'Animal Kingdom' plays out as a battle between two charismatic competing opposite forces, who also happen to be embodied by the film's two most compelling actors: Guy Pearce and Jacki Weaver. Neither of whom dominate in terms of screen-time. Weaver has been earning the plaudits for a performance which manages to convey menace under the surface whilst her character is all smiles and sweetness. Weaver doesn't simply make 'Smurf' so nice that it becomes unsettling in itself, which wouldn't work as we have to believe 'J' really buys into her persona, but instead she seems sincerely nice, loving and sympathetic with the stage actress somehow conveying an inner complexity somewhere behind her eyes.

Guy Pearce is by now a Hollywood veteran of sorts and so he has understandably been overlooked in favour of Weaver, a relative unknown, in terms of critical acclaim. Yet he is equally if not more impressive as Leckie, another impactful supporting role in a career which has recently come to be defined by impactful supporting roles, following 'The Road', 'The Hurt Locker' and 'The King's Speech'. He is understated and commands your attention the way only a really gifted, natural-born screen actor can. In fact his presence raises the class of the whole film and makes his few scenes among the most memorable.

The whole thing has a moody and oppressive atmosphere which builds into something quite tense and 'Animal Kingdom' is a handsomely made film. Although one pivotal tragic scene involving J's girlfriend (Laura Wheelwright) is mishandled and far-fetched, meaning that it fails to have the desired impact. That scene also seems completely needless - in terms of the character's actions rather than the story - which could be intended to increase the tragedy, but just left me frustrated. However, the fact that the film so rarely strays into cliché is to be applauded, whilst the final shot is ingenious and immensely satisfying.

'Animal Kingdom' is rated '15' by the BBFC and is out in the UK now.

Wednesday, 2 March 2011

Beames returns to March's Flick's Flicks...

Due to illness and injury I have again hosted an episode of Flick's Flicks. I don't mock TV presenters any more. Put me on The One Show and I'd be total rubbish.

Tuesday, 1 March 2011

Oscars 2011: 'The King's Speech'? Really?

If you don't already know all the results from Sunday night's Academy Awards show then I'd suggest you check out the full list on Deadline, but I'll summarise it for you here anyway. The night was dominated by the towering mediocrity that is 'The King's Speech', which scooped both of (what should be considered) the major gongs, bagging Best Picture and Best Director (for Tom Hooper). It also snared Colin Firth a well-deserved statuette for his eye-catching performance as the film's titular stammering monarch.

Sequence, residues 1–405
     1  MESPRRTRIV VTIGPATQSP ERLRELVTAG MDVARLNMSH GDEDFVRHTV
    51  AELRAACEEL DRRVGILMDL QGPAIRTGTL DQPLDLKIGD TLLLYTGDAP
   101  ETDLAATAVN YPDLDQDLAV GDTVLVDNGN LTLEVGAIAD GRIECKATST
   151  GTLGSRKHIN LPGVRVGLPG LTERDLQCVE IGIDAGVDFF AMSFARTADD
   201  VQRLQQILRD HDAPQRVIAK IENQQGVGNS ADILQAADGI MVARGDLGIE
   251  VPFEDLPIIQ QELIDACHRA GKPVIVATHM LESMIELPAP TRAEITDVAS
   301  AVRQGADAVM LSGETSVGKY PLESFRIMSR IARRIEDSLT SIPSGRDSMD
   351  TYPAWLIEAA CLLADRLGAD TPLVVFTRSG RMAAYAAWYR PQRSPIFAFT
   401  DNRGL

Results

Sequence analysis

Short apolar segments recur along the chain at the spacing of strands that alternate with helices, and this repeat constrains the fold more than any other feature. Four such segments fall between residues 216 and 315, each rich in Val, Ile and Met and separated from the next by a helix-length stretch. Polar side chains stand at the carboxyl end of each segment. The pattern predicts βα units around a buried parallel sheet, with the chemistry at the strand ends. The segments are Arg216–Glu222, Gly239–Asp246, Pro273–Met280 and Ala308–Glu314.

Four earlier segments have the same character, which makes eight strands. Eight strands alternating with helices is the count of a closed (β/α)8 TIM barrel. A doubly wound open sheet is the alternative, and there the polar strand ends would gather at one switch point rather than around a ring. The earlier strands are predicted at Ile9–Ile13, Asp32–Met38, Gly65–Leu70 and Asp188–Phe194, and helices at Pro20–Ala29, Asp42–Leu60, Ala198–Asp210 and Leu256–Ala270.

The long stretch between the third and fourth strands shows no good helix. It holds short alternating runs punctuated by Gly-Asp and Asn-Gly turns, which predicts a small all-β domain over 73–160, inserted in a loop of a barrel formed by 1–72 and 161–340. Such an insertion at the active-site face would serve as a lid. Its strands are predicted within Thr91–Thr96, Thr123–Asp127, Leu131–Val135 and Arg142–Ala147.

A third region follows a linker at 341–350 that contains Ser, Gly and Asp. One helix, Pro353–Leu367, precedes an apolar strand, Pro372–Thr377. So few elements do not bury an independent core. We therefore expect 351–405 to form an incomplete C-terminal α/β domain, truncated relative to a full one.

The plucky British film is certainly an amiable enough winner, with endearing lead performances and some deft repartee in its (now Oscar winning) screenplay. It is ridiculously popular too, having just broken the £40 million barrier at the UK box office - which is a huge sum - and earning long standing ovations wherever it has played (including 20-plus minutes in Berlin last month). I personally enjoyed the film too, albeit with reservations about its handling of history and romantic portrayal of the house of Windsor (as reluctant "indentured servants" serving an expectant, fawning public). But aren't award ceremonies supposed to reward "art" and not just pander to commerce? Isn't commerce its own reward?

OK, to clarify: I'm not suggesting 'The King's Speech' isn't "art" or that it only won because it has out-grossed its major rivals - 'The Social Network', 'Black Swan' and 'The Fighter' - and on a smaller budget (reportedly around £8 million). I'm just saying that the film is inoffensive, establishment fluff and that the virtuosity of its making pales in comparison with many of the other nominated movies. Possibly all nine of them. It's like a pleasant TV movie. It's like an HBO film that would quietly win a bunch of Golden Globes before disappearing into obscurity. Except it is apparently now considered the best piece of cinema of the last twelve months... and this makes me sad.

For instance, Darren Aronofsky's 'The Black Swan' is a more deserving candidate: a perfect synthesis of sound and image that cuts deeply into you emotionally and takes you to places you don't necessarily want to go. It's perfectly paced, with not a single unnecessary moment, as it manages to be both beautiful and horrifying in equal measure. Is Darren Aronofsky a better filmmaker than Tom Hooper? Almost certainly. At the very least, his next film will be interesting even if it is a 'Wolverine' sequel. Is there any guarantee that Hooper will ever again scale these heights? No. Yet he also beat David Fincher to the Best Director prize.